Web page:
Future Gift Honors a Record of Success

Dianne Wheatley-Giliotti

Dianne Wheatley-Giliotti

Never one to sit idly by, Dianne Wheatley-Giliotti has made an impact on the League of Women Voters as a local president, state president and national board member. In the 1970s, she asked, "How can we meet the needs of members?"

While this marketing approach is standard today, it was unusual in that era. Dianne was always thinking of ways to improve the organization and its processes.

When local companies refused to hold voter registration drives on their premises, Dianne hosted drives at malls and football games instead. There were also big moments of success, such as when the League won a lawsuit against Florida's Secretary of State over third-party registration.

Dianne downplays her impressive track record.

"I was raised to believe that if you can give back your time, money or skills, you do," she says.

This is coming from someone who was homeless as a teenager and who attended college on scholarships.

"I received help along the way," she says. "So I want to continue to help others."

One way she has done this is by including a bequest—a gift in her estate plan—to the League. Dianne is hopeful she can inspire others to do the same.

"People think a bequest has to be six or seven figures, but that's not the case at all," she says. "You don't have to give a lot to make a difference."

Like Dianne, you can use your estate plan to make a meaningful gift to the League. Learn more by contacting Emily Yost at 202-263-1352 or EYost@lwv.org.

A charitable bequest is one or two sentences in your will or living trust that leave to League of Women Voters a specific item, an amount of money, a gift contingent upon certain events or a percentage of your estate.

an individual or organization designated to receive benefits or funds under a will or other contract, such as an insurance policy, trust or retirement plan

"I give to League of Women Voters, a nonprofit corporation currently located at 1730 M Street, NW, Suite 1000, Washington DC 20036, or its successor thereto, ______________* [written amount or percentage of the estate or description of property] for its unrestricted use and purpose."

able to be changed or cancelled

A revocable living trust is set up during your lifetime and can be revoked at any time before death. They allow assets held in the trust to pass directly to beneficiaries without probate court proceedings and can also reduce federal estate taxes.

cannot be changed or cancelled

tax on gifts generally paid by the person making the gift rather than the recipient

the original value of an asset, such as stock, before its appreciation or depreciation

the growth in value of an asset like stock or real estate since the original purchase

the price a willing buyer and willing seller can agree on

The person receiving the gift annuity payments.

the part of an estate left after debts, taxes and specific bequests have been paid

a written and properly witnessed legal change to a will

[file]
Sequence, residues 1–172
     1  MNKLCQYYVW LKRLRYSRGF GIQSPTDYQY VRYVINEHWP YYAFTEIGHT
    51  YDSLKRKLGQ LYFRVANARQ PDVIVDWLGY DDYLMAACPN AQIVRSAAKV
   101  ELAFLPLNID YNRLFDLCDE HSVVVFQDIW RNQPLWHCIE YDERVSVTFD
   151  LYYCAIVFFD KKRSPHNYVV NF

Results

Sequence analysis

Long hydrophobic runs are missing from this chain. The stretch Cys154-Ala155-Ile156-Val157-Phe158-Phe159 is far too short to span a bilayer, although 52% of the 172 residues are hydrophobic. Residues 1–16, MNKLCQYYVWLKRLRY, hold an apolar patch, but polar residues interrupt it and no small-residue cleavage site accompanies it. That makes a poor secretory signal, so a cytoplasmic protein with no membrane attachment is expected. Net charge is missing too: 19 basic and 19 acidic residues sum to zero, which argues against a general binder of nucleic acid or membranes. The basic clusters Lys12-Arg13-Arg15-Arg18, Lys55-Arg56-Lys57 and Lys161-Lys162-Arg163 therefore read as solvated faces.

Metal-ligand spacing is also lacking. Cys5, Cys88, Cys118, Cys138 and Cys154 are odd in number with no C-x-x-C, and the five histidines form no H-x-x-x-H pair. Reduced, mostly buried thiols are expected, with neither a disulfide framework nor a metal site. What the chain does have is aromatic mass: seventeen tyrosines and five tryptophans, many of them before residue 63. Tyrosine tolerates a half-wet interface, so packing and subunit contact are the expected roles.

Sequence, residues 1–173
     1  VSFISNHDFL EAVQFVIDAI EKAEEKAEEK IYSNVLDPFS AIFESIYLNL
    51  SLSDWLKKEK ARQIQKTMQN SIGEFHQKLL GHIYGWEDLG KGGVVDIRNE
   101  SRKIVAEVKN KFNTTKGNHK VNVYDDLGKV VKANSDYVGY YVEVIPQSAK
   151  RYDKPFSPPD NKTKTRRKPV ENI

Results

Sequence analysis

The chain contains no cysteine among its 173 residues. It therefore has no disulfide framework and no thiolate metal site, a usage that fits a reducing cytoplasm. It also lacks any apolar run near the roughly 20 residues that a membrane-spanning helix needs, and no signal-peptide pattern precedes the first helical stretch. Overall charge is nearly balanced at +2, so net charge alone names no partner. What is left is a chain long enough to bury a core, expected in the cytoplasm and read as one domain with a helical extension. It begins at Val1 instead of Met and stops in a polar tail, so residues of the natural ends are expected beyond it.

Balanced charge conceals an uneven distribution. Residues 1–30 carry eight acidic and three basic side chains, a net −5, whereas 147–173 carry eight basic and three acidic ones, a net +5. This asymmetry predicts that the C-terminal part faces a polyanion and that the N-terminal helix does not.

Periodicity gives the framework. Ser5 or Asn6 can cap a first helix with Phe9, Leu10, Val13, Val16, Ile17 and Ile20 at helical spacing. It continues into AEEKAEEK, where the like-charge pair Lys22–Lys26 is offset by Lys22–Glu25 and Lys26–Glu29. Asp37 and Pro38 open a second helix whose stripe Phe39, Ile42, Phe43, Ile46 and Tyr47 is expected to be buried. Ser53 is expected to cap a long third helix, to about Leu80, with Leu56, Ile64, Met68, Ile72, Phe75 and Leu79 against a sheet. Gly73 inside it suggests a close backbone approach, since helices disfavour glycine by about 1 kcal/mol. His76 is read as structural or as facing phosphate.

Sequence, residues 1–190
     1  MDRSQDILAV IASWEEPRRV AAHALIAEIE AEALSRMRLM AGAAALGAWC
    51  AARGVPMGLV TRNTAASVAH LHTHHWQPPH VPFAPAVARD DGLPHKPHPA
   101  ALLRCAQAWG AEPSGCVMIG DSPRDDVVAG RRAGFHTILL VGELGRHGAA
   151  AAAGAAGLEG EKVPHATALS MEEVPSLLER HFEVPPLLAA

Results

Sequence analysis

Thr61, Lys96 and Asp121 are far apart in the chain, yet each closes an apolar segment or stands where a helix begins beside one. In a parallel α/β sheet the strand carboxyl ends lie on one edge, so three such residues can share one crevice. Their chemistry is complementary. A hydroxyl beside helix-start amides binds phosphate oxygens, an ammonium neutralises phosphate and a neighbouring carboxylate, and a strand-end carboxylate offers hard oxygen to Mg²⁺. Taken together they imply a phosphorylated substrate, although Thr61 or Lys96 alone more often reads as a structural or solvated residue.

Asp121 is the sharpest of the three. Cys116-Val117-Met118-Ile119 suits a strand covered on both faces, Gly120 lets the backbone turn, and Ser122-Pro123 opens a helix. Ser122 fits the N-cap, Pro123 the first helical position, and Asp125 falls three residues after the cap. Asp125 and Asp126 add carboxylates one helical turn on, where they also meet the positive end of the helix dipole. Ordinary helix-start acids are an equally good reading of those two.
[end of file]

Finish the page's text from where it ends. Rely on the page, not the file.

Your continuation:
the person named in a will to manage the estate, collect the property, pay any debt, and distribute property according to the will

A donor advised fund is an account that you set up but which is managed by a nonprofit organization. You contribute to the account, which grows tax-free. You can recommend how much (and how often) you want to distribute money from that fund to LWV or other charities. You cannot direct the gifts.

An endowed gift can create a new endowment or add to an existing endowment. The principal of the endowment is invested and a portion of the principal’s earnings are used each year to support our mission.

Tax on the growth in value of an asset—such as real estate or stock—since its original purchase.

Securities, real estate or any other property having a fair market value greater than its original purchase price.

Real estate can be a personal residence, vacation home, timeshare property, farm, commercial property or undeveloped land.

A charitable remainder trust provides you or other named individuals income each year for life or a period not exceeding 20 years from assets you give to the trust you create.

You give assets to a trust that pays our organization set payments for a number of years, which you choose. The longer the length of time, the better the potential tax savings to you. When the term is up, the remaining trust assets go to you, your family or other beneficiaries you select. This is an excellent way to transfer property to family members at a minimal cost.

You fund this type of trust with cash or appreciated assets—and may qualify for a federal income tax charitable deduction when you itemize. You can also make additional gifts; each one also qualifies for a tax deduction. The trust pays you, each year, a variable amount based on a fixed percentage of the fair market value of the trust assets. When the trust terminates, the remaining principal goes to LWV as a lump sum.

You fund this trust with cash or appreciated assets—and may qualify for a federal income tax charitable deduction when you itemize. Each year the trust pays you or another named individual the same dollar amount you choose at the start. When the trust terminates, the remaining principal goes to LWV as a lump sum.

A beneficiary designation clearly identifies how specific assets will be distributed after your death.

A charitable gift annuity involves a simple contract between you and LWV where you agree to make a gift to LWV and we, in return, agree to pay you (and someone else, if you choose) a fixed amount each year for the rest of your life.

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